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Two Sighs

A week ago, I bought enoki mushroom.  Without slicing, I threw the bunch into the pan.  When dinner was ready, I bit into the cluster of mushroom.  After chewing for a few seconds, my teeth began to ache.  The fibers got stuck in between or around my teeth.  I wished I had a toothpick.  Without one, I stuck my finger into my mouth to check around my teeth.  I didn’t feel any sliver of food jammed into anywhere in my mouth, yet the ache was still there, and it hurt with each bite!

I began to restrain my breathing as I chew, because I seemed to register less pain if I didn’t breathe.

After dinner, I was hoping that the ache would gradually fade away.  But for the next three days, it remained, not only during eating, but even when I wasn’t chewing.  Chewing only intensified the ache. 

While I tried to not allow the pain to overshadow other aspects of my life, I felt like finding joy through hell (in addition to toothache, I also had a couple other discomforts at the same time).  Even my conversation with people became short—I only said what needed to be said, not one word more.  I realized I was consciously channeling my energy in a certain way—compartmentalizing the pain, and I mobilized a lot of energy to do that.

I thought of going to the dentist.  But there was no bleeding nor swelling.  Nothing visible.  So the question became, what could a dentist do that I couldn’t do? 

By the third day, without a trace of improvement, my thought pattern began to shift.  First of all, I wasn’t chewing cow hide.  I was eating French fries, a food that was probably next in line to baby food in terms of softness.  Yet, even that was triggering the pain.  It’s like punching a pillow and yelling ouch—impossible.  But the pain intensity did not recede, as I was hoping.  Instead, it seemed to uphold its level from the first day.  Strange!

As I continued to mentally circle around the problem, I tried to localize the pain.  Was it inside the teeth?  Was it around or between the teeth?  Was it in the roots?  In the gums?  It surprised me to realize that when it hurt like hell, I could not determine the exact location of hell!  Because the body’s instinctive protection against pain was to shrink away from it.  In order to swim upstream, to go against the direction the body was going, I pulled in all my strength—grounding!  Summoning all my energy, I aimed at the heart of the pain.  It was like a ship sailing away from a storm, then turned 180 degrees around and charged straight toward the eye of the storm with the fierce intensity of a mad bull.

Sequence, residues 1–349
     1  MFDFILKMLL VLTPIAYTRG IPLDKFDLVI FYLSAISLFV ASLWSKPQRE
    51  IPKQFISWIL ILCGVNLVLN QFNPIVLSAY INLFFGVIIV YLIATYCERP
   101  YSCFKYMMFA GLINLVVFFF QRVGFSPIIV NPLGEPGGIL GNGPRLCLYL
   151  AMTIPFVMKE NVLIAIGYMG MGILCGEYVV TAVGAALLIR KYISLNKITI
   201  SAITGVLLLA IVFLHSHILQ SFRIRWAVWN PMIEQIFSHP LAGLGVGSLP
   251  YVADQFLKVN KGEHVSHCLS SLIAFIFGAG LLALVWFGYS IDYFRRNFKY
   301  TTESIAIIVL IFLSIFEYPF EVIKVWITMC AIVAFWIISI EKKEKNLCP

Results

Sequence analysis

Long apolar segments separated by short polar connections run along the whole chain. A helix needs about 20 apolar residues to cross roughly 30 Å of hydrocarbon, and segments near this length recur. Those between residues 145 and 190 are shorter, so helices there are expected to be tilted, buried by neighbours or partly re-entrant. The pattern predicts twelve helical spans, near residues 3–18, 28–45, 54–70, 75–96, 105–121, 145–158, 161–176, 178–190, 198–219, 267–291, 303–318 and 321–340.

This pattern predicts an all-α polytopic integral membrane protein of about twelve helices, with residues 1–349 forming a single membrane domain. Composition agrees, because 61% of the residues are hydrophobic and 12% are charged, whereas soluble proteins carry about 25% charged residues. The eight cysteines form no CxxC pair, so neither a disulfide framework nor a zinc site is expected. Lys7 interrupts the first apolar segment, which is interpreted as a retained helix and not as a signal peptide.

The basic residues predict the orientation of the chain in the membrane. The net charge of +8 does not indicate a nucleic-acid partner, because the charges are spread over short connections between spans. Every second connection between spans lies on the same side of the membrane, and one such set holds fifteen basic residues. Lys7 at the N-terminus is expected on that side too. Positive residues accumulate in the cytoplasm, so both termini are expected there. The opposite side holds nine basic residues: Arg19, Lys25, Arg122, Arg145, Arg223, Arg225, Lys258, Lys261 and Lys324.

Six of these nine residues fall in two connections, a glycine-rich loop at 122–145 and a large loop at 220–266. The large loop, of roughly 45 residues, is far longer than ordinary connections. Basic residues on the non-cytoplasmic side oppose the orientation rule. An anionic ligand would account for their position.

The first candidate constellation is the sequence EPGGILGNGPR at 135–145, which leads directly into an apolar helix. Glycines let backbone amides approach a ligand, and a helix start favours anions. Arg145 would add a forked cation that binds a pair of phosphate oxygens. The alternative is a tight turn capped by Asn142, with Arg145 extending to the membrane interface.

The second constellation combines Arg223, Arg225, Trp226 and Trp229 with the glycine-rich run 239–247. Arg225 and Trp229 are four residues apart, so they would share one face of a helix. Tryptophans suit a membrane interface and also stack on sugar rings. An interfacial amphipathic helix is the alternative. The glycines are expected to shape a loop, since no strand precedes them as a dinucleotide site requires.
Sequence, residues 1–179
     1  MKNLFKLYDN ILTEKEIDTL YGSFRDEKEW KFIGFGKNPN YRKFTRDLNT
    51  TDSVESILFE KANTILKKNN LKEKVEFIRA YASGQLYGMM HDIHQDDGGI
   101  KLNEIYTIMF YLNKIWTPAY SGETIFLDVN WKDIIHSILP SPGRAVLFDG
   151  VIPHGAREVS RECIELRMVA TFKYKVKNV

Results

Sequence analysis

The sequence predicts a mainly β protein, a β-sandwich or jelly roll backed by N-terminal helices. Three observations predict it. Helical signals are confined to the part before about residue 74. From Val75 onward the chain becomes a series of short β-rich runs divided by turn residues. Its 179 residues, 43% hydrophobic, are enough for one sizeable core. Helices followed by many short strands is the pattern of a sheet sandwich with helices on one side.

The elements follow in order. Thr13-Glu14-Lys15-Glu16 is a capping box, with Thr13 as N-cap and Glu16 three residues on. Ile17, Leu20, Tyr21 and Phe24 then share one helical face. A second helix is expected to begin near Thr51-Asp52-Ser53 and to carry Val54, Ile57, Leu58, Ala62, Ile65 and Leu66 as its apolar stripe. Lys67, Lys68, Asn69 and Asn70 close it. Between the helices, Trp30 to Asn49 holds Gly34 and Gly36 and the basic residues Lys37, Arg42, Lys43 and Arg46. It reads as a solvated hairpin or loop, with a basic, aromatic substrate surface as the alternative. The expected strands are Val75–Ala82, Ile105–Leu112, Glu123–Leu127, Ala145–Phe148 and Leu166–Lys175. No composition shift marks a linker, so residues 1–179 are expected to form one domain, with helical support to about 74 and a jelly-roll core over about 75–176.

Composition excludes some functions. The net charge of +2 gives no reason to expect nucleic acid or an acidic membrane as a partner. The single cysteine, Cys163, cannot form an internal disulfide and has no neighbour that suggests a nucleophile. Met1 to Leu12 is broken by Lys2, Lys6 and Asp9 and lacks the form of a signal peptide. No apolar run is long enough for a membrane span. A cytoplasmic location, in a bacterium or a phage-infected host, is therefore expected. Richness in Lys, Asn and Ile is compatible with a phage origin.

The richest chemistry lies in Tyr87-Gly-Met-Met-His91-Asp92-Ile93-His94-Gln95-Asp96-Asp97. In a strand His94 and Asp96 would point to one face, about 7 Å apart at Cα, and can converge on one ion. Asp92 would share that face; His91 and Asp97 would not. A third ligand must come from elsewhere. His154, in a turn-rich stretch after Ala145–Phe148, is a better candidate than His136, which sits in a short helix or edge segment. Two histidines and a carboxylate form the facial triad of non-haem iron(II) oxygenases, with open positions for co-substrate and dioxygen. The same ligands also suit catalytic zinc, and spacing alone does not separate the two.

By the process of elimination, I checked each area—teeth, roots, gums.  When I identified that it was the gums, I continued to narrow down on the location.  Was it inside the gums, outside, left, right, front, back?

At that point, my intuition navigated me away to something else.  Seemed like it was enough to just know that it was the gums.  My inspection stopped, and my awareness came online—this originated from a metaphysical cause, not a physical cause.  I didn’t bother to Google up the metaphysical meaning of gum ache, I simply threw the cause to the universe.  It was like a garbage scow frantically offloading its content into the sea.

Energetically, I was sensing a block, a very heavy and stubborn one.  Usually, when I felt resistance, my default emotional reaction was annoyance, and if it was really intense, anger.  But this time, instead of getting mad and lashing out, I dropped my spoon and heaved a sigh!  What a historical moment!  The sigh was nearly as loud as a fart.  A big long fart.  I don’t usually sigh as a way of expressing emotions.  But that day, I did.  Twice.  Once on the left side of my mouth, when I tried to chew.  Then when I moved the food to the right side and chewed, I sighed again, equally as loud.  Sighing away my emotion.

About the sighing, a few days earlier, I watched a reality show about a guy who unconsciously sighed a lot, and the girl next to him pointed that habit out to him.  But still, he continued to do so, without realizing it.  So that’s how the thought of sighing came into my head.

The effect of the sighs was unbelievable!  The pain receded.  At least 50% of it receded within a few hours.  Then, as I continued to give my gums the rest they needed, by brushing gently and eating soft foods, the pain continued to recede.  Graphically, it would be a very obvious downward slanting slope, with pain intensity on the vertical axis and time on the horizontal axis.  That was a huge difference compared to the first three days when I was simply hoping for its disappearance.

Now I understand the meaning of my hoping.  It was powerlessness.  The first three days was mindless powerless hoping.  The next three days when the physical symptom actually subsided, it was due to the pivotal moment when I resolutely shifted course. 

I am not discounting the effect of hope.  I am saying the way I did it was useless, helpless, powerless.  But I did not have the awareness nor clarity to realize that I was operating from a place of powerlessness. 

The discarnate entity Seth (from Seth Material) once said, “Suffering is not good for the soul unless it teaches you how to stop suffering.”  Now I can say that I am genuinely grateful for the experience, as it was a necessary lesson for me to learn to discern powerlessness, to know that I have the power to change my experience, to feel my power and its effect, and to learn how to wield my power to align my intention and my energy toward my goal. 

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